The whole owncloud thing has always interested me, but I’m weighing up having to be a sysadmin and my time. Although I found Docker which might take some of admin out of this in future. However I don’t want to replace everything, just the things I’m feeling less comfortable with (its about personal choice).
The ones I’m thinking about currently are Evernote, Last.FM and Instapaper.
Evernote I want to replace with something like simplenote (although I admit its not self hostable but my evernote’s recent restrictions have made me wonder why I pay for a pro account?). I looked at using Turtl but its not reliable and mature enough currently. On a related note, I’ve been tempted to install a GIT server at home. Then using a combination of Gitignore, Mindmup and some kind of GIT repository syncing between home install and Bitbucket; could be great for working on mindmups.
Last.FM with GNU.fm. I only use last.fm to scrobble/track my music playback. I also hooked up Libre.fm but noticed the actual server for libre.fm was just GNU.fm. It seems like a very simple service and useful when looking back for a song or podcast. Especially when placed in a calendar type system, it really triggers my memory. Its also worth noting the last.FM data lost recently has also made me wonder why I even need it. I mean I never use it for music discovery (as I found it rubbish) or anything else. I might as well dump my logs of usage to my google calendar?
I just discovered Wallabag to replace Instapaper. Before I was using readitlater which became Pocket. I switched to Instapaper because of the deliver a mobil ebook to kindle every morning feature (heck I pay for this feature). But since i’m considering a epaper display android tablet which means it could read anything including PDF, RSS, ePub and Mobi. Plus I wouldn’t lose my kindle books because the Amazon app will run on it too. Having a smarter epaper device will squeeze out instapaper and likely mean I will read even more than I currently do (well worth the investment). I still far prefer to read longer stuff on a epaper display.
Theres no doubt I’ll start running more on my own server in future, already considered Open VPN and Zeronet. I think the money saved from certain subscriptions will easily pay for the electricity of hosting it myself?
Fluxuri establishes a new type of innovative display technology that offers to affordably create mutable surfaces of any shape and size. It is a thin, highly flexible and reflective passive medium that only requires mechatronic or manual action to change its characteristics. In the former, special plotters and printers become feasible means even for very large areas. For the latter, hands and fingers themselves are amazing means enough to write and draw. Depending on their orientation, light strokes reveal different colours.
Fluxuri has a characteristic granular surface that is capable of variability in pixel sizes, densities and optical properties such as colour, finish, reflectivity, iridescence, fluorescence, phosphorescence, and more – and even in materials, with plastic used today, and other surface materials highly possible in the future. This makes Fluxuri a unique, sustainably versatile, and aesthetic medium.
Its fair to say I have been talking with Fluxuri, and although the video is blury. I have personally seen the display working close up. Its impressive and has plenty of great things which are certainly exciting at such sizes and so thin!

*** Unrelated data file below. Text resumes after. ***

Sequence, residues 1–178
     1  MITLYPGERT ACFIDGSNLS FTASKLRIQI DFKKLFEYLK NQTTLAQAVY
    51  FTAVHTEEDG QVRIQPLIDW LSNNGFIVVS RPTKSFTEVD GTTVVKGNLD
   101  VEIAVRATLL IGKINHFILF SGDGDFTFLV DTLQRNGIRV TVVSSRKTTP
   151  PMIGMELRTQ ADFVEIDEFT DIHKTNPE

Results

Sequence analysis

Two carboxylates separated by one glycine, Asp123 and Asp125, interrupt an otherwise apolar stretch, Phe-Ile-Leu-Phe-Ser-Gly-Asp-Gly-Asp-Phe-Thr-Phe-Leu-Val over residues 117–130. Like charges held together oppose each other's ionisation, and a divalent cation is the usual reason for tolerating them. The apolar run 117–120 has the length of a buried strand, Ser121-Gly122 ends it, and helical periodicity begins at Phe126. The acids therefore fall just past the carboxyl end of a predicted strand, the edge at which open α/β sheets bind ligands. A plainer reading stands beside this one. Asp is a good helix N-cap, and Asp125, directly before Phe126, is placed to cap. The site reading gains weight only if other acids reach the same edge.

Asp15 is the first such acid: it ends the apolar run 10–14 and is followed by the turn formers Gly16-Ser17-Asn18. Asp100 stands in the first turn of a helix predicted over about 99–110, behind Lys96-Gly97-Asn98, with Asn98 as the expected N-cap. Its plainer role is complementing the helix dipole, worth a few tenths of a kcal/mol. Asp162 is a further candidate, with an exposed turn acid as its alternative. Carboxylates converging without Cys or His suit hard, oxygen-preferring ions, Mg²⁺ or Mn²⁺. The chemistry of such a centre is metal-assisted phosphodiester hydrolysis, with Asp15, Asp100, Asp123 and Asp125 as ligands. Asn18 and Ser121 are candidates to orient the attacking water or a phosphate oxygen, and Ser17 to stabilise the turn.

Expect to see them coming very soon…
E ink, the company behind the pigment-based, low-energy monochromatic displays found in many of today’s popular readers finally figured out how to create up to 32,000 colors in what is almost the exact same technology.
The new display, which E Ink will publicly demonstrate for the first time, is a 20-inch, 2500 x 1600 resolution display that actually shares monochrome E Ink’s impressive power capabilities. Mancini told Mashable that it’s equally power-efficient. He explained that it could be used in bus stop signage. “Bus stops are powered with solar cells, you could power this with solar cells,” he said.
He also noted that even though the prototype will be less than 2-feet wide, size is actually only limited by E Ink’s manufacturing capabilities.
It looks impressive although the question still remains about how big? 20inches isn’t bad but when they mention bus stop size, do they mean like the pervious stuff or actually what we all think about when mentioning bus stops. The glass wall currently reserved for posters and in some cases LCD screens?
Transport for London is trialling e-paper bus stops that can display real-time travel information.
I do enjoy my pebble smartwatch. Just recently it starting supporting Android wear notifications and replies, making it much closer to the other smart watches you can buy on the market but still with 7 day battery life and a readable screen in bright sunlight.
But even with that, I was thinking it would be great if they just included a microphone, so you could reply instead of using prewritten messages or emoticons. Well its almost like they heard me and not only added a microphone but also a 64 colour epaper display in their new kickstarter project, Pebble time…
I’ll be interested to see the timeline interface in daily life too.
Some of you may remember I have been asking the question, why is there no large eink/epaper displays/screens? Then I came up with a solution which could scale (maybe) by creating a kindle array.
Well someone nicely pointed me in the direction of this article which claims to have the world biggest epaper sign. As you can see its really an array but its still pretty impressive.
Its also interesting to see where else epaper is being used.